How to become Italian in six weeks or Less.
42. That’s how many days I have left to prepare myself both physically and mentally for one of the most culturally enriching, self-exploratory, riskiest, and most fun experiences of my life thus far. Now, for someone who is just 20 years old sitting in her apartment staring out onto the roof of a Subway sandwich shop, this imminent future of self-discovery and cultural growth is a lot to take in. I like to consider myself a pretty “worldly” person. Besides traveling a great deal with my parents in the last 20 years, I come from a family that has instilled cultural relativism into my values. This sense of understanding how the surrounding cultural influences have developed the daily lives and beliefs of the locals doesn’t come from sitting at the resort with pina colada in hand. That is why I have decided that to truly get the most out of my study abroad experience, I have got to be able to culturally relate to and immerse myself in lives of the people that will surround me for the next three months.
I have to learn to be Italian in six weeks or less
Lucky for me, there are a few God-given qualities that will make my transition to Italian citizen (visa status pending) a little smoother:
1. Look like an Italian: My 50% Eastern European looks have allowed me to travel and not stick out immediately as an overzealous tourist. To boot, Italian (along with Spanish, Armenian, and Guatemalan -look out for “My Big Fat Greek Wedding” reference) is a normal guess to the roots of my ethnicity, so it looks like I’m going to blend in well.
2. Feel like an Italian: I grew up outside of Scranton, Pennsylvania and just minutes from Old Forge, Pennsylvania. With an Italian population making up 42.3% [www.city-data.com], Old Forge is the self-proclaimed Pizza Capital of the World, so I guess you could say I have been exposed to Italian culture (haha).
But besides the God-given rights that will allow me to slip inconspicuously into Italian culture, there is a lot of prep work I have been doing to get myself ready.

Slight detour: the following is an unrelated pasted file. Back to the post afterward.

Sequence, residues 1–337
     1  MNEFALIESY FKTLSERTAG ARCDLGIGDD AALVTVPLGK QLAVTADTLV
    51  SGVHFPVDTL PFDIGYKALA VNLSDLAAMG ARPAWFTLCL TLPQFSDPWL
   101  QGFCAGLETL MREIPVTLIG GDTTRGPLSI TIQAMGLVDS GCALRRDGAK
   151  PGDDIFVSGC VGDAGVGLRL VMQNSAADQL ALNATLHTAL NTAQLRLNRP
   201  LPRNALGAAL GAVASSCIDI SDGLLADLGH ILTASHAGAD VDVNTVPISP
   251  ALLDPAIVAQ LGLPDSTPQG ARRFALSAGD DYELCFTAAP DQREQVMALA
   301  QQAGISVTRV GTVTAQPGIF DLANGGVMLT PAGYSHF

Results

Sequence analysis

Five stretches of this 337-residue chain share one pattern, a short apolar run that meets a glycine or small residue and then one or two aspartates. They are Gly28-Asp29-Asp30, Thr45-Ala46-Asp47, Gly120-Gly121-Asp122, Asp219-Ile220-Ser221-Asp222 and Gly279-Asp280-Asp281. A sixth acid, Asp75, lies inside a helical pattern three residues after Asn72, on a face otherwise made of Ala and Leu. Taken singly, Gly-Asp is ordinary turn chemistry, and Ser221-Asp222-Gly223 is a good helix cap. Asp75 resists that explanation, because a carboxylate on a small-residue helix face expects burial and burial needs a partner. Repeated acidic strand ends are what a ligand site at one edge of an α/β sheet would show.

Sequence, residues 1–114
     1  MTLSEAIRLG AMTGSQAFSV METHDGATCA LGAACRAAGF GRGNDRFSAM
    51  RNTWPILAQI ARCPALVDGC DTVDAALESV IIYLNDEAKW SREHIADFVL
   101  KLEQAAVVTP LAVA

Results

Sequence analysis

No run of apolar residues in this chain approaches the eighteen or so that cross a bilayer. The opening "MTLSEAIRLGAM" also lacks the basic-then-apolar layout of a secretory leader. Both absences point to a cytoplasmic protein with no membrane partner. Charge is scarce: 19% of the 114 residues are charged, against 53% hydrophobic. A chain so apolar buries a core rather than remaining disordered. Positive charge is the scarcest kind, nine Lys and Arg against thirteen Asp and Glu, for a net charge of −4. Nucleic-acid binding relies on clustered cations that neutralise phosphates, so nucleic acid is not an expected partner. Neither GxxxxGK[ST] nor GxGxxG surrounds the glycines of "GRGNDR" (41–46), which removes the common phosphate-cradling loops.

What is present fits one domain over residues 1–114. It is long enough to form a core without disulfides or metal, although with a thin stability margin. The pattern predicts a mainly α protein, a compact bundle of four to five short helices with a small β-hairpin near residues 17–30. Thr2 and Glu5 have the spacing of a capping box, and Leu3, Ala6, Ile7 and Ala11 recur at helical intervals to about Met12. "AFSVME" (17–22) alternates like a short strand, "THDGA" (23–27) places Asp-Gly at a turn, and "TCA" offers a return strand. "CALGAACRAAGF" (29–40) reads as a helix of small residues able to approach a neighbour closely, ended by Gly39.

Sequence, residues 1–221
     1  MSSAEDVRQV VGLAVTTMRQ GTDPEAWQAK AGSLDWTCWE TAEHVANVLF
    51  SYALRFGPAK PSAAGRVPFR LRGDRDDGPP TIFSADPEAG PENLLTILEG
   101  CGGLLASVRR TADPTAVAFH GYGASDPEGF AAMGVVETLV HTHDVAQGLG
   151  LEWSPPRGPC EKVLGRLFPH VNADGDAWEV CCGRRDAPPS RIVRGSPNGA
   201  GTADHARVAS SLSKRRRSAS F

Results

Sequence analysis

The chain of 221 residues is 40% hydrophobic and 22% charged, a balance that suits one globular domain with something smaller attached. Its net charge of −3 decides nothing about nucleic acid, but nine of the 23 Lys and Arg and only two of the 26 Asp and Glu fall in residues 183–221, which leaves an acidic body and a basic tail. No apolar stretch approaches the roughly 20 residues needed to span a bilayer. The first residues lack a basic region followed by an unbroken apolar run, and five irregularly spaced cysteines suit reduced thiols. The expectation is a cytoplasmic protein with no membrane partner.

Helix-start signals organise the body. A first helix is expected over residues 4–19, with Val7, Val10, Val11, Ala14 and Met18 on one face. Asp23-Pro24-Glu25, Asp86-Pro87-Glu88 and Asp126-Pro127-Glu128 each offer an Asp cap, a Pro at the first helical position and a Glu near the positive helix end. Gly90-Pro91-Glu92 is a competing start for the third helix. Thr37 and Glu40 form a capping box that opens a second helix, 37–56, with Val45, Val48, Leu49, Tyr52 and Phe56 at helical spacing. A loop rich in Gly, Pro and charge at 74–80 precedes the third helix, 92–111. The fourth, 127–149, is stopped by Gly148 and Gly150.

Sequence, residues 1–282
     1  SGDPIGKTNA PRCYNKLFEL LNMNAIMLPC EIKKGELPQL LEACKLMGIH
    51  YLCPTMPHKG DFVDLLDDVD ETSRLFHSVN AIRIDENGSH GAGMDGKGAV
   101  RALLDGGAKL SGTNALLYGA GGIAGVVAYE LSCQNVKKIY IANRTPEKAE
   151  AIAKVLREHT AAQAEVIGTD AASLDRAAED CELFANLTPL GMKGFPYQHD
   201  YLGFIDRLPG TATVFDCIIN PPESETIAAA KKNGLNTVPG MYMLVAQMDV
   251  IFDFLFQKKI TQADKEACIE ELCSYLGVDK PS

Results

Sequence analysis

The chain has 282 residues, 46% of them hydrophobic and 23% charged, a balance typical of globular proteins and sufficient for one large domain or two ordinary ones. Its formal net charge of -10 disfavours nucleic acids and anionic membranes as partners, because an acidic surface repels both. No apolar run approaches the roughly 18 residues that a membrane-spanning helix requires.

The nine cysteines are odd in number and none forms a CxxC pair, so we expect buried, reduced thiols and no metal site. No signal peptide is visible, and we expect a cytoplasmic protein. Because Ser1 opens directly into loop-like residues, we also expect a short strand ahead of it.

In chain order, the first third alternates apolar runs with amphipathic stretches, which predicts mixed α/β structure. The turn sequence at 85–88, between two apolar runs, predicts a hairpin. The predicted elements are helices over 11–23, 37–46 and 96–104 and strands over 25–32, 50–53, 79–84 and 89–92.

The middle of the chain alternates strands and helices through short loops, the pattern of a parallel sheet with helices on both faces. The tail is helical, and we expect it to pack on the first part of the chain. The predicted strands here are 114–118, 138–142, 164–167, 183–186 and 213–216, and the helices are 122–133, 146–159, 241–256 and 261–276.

3. Learn Italian: Since purchasing my copy of Teach Yourself Italian from Amazon.com for $0.79, I have embarked on a linguistically fascinating journey to turn as many English words I know into eloquent Italian. For example, by simply changing the emphasis on syllables, you can turn the English “spa-ghetti” into Italian “spa-GE-tti”. So even if you don’t know Italian, there has got to be a way to fake it (at least for a little).
4. Dress like an Italian: It’s no secret that Italy is one of the fashion capitals of the world. So, its no secret that my Big Red Cheerleading t-shirts and jean shorts are not going to fly in Italia. Thanks to the advice of some dashing Alpha Phis and Florence study abroad alums, I am expanding my wardrobe this summer with trendy dresses and boots and perhaps an Internazionale jersey to take on a more Euro look so as not to be disregarded by the Italians.
5. Eat Gelato: no preparation necessary.
6. Have confidence: Italians are passionate, beautiful, and strong-willed. To know one, you gotta be one. That is why I am going into this venture as a full-fledged confident Italian. And while I joke about the little things (i.e. numbers 1-5 above) that may or may not make me Italian, having confidence, class, and a willingness to learn will carry me the furthest in this journey into exploring Italian cultures and living as the Romans do.
With six weeks til my August 30 departure out of Logan Airport in Boston, I will continue to study up on my Italian and enjoy the comfort of home and friends. But come August 30, I promise to keep my readers updated as often as possible. Excuse me while I go add the Lizzie McGuire Movie to my Italian inspired Netflix queue. I leave you with this video of Peter from Family Guy using his Italian confidence to grocery shop!